U.S. ambassador to African Union named new dean of Elliott School

The U.S. representative to the African Union will be the new dean of the Elliott School of International Affairs, the University announced Monday.

Reuben E. Brigety II will take the helm from former long-serving dean Michael Brown, who stepped down from the post at the end of June.

Brigety is also the U.S. permanent representative to the United Nations Economic Commission for Africa. He previously served as a deputy assistant secretary of state in the Bureau of African Affairs and in the Bureau of Population, Refugees and Migration, according to a release. In those positions, he oversaw southern African and regional security affairs as well as U.S. refugee programs in Africa, developed international migration policies and managed humanitarian diplomacy.

Brigety cited his past field work in regions from the Middle East to the Caribbean as showing that he can combine his scholarly work with practical experience, a combination experts have said will be essential for the new dean to have.

“I believe young people come to the Elliott School because they want to engage with the hardest challenges of our time. Our job is to prepare them both intellectually and practically to make the world a better place, and that’s what I’m excited to do in this new position,” Brigety said in a statement.

Brigety will begin on Oct. 1, and interim dean Hugh Agnew will continue serve in the position through the transition.

Brigety was chosen as one of three top candidates by a search committee made up of Elliott School faculty and students before being selected by University President Steven Knapp and Provost Lerman this summer.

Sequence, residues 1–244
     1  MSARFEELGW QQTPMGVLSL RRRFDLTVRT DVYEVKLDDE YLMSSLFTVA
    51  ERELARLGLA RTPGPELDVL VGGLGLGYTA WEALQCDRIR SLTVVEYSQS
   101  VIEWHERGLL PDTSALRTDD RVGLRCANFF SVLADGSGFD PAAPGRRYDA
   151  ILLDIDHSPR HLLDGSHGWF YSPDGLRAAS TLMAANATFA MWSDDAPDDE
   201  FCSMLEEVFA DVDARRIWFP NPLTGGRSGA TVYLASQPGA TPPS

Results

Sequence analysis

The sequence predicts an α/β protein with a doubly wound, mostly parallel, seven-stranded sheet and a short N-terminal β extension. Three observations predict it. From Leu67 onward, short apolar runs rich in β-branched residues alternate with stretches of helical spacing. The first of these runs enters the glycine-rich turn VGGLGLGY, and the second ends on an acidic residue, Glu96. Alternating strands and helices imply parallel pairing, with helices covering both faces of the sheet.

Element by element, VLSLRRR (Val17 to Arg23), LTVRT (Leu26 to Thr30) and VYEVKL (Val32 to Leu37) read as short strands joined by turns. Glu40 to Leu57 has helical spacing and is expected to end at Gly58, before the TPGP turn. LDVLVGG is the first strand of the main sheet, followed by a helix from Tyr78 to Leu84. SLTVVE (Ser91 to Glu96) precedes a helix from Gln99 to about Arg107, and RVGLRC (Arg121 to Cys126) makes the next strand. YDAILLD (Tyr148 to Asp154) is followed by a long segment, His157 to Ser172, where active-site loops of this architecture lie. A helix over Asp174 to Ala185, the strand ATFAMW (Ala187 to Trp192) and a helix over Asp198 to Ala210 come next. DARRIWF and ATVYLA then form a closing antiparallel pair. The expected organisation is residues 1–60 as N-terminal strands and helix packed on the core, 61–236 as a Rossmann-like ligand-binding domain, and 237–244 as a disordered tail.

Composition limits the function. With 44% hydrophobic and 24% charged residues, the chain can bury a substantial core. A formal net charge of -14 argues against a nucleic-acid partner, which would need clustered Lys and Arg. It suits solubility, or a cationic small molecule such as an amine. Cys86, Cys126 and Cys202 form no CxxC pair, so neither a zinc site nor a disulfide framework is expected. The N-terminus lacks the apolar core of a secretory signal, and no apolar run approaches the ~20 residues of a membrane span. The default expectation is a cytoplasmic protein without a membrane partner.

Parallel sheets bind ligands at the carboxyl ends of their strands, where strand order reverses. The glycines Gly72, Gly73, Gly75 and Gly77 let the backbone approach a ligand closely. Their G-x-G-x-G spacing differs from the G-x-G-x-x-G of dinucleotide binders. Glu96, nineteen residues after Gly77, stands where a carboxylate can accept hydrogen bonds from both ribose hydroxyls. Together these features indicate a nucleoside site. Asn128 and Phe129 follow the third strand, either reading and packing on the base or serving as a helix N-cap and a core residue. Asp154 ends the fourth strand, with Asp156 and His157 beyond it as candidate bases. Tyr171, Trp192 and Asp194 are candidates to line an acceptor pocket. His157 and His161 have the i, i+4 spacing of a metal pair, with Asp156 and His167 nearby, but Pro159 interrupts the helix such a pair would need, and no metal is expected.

“Ambassador Brigety is an outstanding leader whose vision and experience will raise the Elliott School’s already prominent reputation in international affairs education, policy and research,” Knapp said in a release. “I look forward to working with him on strengthening our existing programs and research, as well as exploring new opportunities that will enhance our students’ GW experience.”

The former U.S. navy officer has previously taught government and politics at George Mason University and peer school American University and conducted research missions in Iraq and Afghanistan for the Human Rights Watch. He has also worked at the Center for American Progress, the U.S. Agency for International Development and the U.S. Central Command Assessment team in D.C. and in Doha, Qatar.

Brigety is the 10th black official named to a top post at GW since 2010.

He will lead one of the top-ranked international affairs schools in the country, often described as the “crown jewel” of GW’s schools. Under Brown’s 10-year tenure, the school doubled its number of research institutes and brought on about 20 new faculty members, and has consistently been highly ranked by publications such as Foreign Affairs magazine.

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